Jonathan Yardley: “… my own list of unjustly overlooked and underrated writers …”

Source: “‘Woman Within’: An Unlikely Rebel of the Privileged South,” Jonathan Yardley, The Washington Post, 29 November 2003, available online at

Reading through the individual articles in Washington Post Book Editor Jonathan Yardley’s excellent series on neglected and revisited classics, Second Readings, I came across the following quote worth highlighting here:

The court of literary opinion is no more fair or just than the court of public opinion. Writers of limited gifts and accomplishments (Ernest Hemingway, Carson McCullers, John Steinbeck) are overpraised and over-rewarded, while others of great gifts and singular accomplishments (William Humphrey, Dawn Powell, Jerome Charyn) are ignored or misunderstood. This of course is true in other endeavors, but somehow it seems especially unjust that writing, the best of which is supposed to stand the ages, so often produces such small recognition for those who do it so well.

My own list of unjustly overlooked and underrated writers is long; it includes, in addition to those mentioned above, John P. Marquand, Thomas Savage, Roxana Robinson, Harold Frederic, Elizabeth Spencer, John Oliver Killens and, at or very near the top, Ellen Glasgow.

A few expository notes on these writers:

  • Marquand is one of the more oft-mentioned underrated writers, and his works appear on a number of lists on this site. In fact, I’ve been toying with the idea of devoting a separate website to his works.
  • A New York Times reviewer once wrote of Thomas Savage: “The best-seller lists make it clear that American readers are powerfully fond of the familiar and the accessible — and if there were justice (or better taste) in the literary marketplace, surely one or another of Thomas Savage’s dozen novels would have been topping those lists for the past 30-odd years.” His 1967 novel, The Power of the Dog, was included in Roger Sale’s “Neglected Recent American Novels” article in The American Scholar. Unfortunately for Savage, he’s taken as his subject the American West, which has often been a kiss of death for critical recognition and sales. Annie Proulx, whose “Brokeback Mountain” avoided the same fate, wrote the introduction to the 2001 Bay Back Books reissue of The Power of the Dog. Even readers who got to the point of picking up the book, though, had to get past this opening sentence:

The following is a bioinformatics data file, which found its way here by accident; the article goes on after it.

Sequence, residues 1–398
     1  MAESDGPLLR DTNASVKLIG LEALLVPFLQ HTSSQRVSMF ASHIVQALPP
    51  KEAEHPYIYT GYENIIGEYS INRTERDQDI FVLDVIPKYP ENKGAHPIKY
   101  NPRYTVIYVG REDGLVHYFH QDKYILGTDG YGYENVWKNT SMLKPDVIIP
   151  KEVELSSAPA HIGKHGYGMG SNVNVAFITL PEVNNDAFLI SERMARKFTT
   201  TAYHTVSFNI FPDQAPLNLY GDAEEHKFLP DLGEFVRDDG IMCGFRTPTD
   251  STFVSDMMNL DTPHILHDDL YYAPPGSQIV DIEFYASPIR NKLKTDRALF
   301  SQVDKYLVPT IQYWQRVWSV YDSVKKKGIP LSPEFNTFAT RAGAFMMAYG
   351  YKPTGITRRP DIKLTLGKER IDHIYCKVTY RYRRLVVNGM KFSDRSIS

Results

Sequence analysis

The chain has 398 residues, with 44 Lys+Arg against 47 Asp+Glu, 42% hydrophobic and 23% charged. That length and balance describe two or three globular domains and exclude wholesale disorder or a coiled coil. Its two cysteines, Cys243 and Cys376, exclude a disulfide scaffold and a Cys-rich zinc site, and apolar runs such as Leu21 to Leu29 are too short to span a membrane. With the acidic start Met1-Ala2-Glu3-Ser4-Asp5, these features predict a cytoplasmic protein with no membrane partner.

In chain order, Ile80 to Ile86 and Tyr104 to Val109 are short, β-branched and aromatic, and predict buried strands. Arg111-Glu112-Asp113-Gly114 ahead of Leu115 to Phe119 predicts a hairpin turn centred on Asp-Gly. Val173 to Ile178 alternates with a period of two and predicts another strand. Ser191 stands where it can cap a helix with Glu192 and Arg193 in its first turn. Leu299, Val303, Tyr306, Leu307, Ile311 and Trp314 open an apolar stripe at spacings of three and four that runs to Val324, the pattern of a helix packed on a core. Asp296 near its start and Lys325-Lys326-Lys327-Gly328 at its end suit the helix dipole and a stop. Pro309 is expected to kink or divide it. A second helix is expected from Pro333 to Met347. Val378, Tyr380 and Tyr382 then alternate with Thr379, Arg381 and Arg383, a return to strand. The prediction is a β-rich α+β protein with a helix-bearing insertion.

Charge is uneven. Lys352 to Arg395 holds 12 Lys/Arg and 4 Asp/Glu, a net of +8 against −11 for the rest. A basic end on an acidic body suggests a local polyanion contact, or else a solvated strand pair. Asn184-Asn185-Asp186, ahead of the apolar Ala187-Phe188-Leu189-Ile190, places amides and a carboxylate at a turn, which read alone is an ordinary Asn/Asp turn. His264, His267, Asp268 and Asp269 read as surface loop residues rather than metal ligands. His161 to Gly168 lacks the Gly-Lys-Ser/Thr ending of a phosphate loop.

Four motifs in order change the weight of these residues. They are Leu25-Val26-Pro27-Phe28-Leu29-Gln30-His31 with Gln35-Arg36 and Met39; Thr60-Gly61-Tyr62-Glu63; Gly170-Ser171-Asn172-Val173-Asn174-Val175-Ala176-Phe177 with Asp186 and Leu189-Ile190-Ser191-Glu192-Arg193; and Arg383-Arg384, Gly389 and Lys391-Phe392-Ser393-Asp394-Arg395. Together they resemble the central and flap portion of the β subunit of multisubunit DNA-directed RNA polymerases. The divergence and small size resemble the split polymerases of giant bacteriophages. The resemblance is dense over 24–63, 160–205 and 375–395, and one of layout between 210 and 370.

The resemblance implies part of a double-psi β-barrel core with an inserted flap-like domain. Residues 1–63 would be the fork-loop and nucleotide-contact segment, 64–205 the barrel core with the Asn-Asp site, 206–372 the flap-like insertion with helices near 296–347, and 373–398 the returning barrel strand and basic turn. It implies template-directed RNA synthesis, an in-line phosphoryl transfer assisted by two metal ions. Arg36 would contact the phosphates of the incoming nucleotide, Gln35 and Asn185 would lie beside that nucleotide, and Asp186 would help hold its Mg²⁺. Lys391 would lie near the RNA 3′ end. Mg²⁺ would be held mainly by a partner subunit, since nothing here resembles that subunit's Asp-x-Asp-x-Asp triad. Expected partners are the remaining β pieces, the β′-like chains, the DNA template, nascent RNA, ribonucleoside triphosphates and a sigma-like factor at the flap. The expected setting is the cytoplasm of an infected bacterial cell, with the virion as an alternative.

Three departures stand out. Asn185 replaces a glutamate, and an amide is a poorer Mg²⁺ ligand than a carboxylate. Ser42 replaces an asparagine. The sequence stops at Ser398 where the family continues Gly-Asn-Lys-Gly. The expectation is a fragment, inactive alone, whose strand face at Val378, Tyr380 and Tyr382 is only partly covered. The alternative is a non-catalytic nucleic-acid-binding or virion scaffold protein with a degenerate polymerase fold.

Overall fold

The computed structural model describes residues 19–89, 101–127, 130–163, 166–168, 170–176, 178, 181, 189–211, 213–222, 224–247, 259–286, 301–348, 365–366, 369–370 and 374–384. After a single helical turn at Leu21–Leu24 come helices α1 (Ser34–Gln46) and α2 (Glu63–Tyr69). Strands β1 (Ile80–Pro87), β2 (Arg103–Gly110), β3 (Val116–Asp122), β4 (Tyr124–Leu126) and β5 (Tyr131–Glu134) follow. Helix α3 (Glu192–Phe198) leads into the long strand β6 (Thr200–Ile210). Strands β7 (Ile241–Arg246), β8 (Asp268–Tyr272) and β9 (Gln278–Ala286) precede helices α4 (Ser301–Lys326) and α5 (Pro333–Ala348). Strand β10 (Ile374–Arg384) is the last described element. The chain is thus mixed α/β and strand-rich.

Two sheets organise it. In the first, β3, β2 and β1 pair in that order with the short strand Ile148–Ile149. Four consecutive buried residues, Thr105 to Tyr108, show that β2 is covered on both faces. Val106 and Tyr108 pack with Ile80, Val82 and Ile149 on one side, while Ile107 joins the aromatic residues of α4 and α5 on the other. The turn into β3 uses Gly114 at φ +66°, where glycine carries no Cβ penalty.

Phil always did the castrating; first he sliced off the cup of the scrotum and tossed it aside; next he forced down first one and then the other testicle, slit the rainbow membrane that enclosed it, tore it out, and tossed it into the fire where the branding irons glowed.

  • Roxana Robinson is a biographer, novelist, and short story writer. The youngster of this group, illustrated by the fact that she’s got her own website and domain name.
  • Harold Frederic was a contemporary of Twain and Howells. The texts of three of his novels — The Damnation of Theron Ware, In the Valley, and The Market-Place, can be found at Project Gutenberg.
  • Elizabeth Spencer is known for her novella, Light in the Piazza, but her critical reputation is best reflected in her extensive oeuvre of short stories. And it turns out she also has her own website.
  • John Oliver Killens was twice nominated for the Pulitzer Prize. Of his 1963 novel, And Then We Heard the Thunder, Yardley once wrote that it was “one of the few distinguished novels about World War II.”
  • Ellen Glasgow’s recognition improved, along with that of a number of other women writers such as Kate Chopin, when the eddies of the feminist waves hit the academic and publishing worlds, and all her major works are back in print. Yardley’s article moved me to order a copy of A Woman Within.

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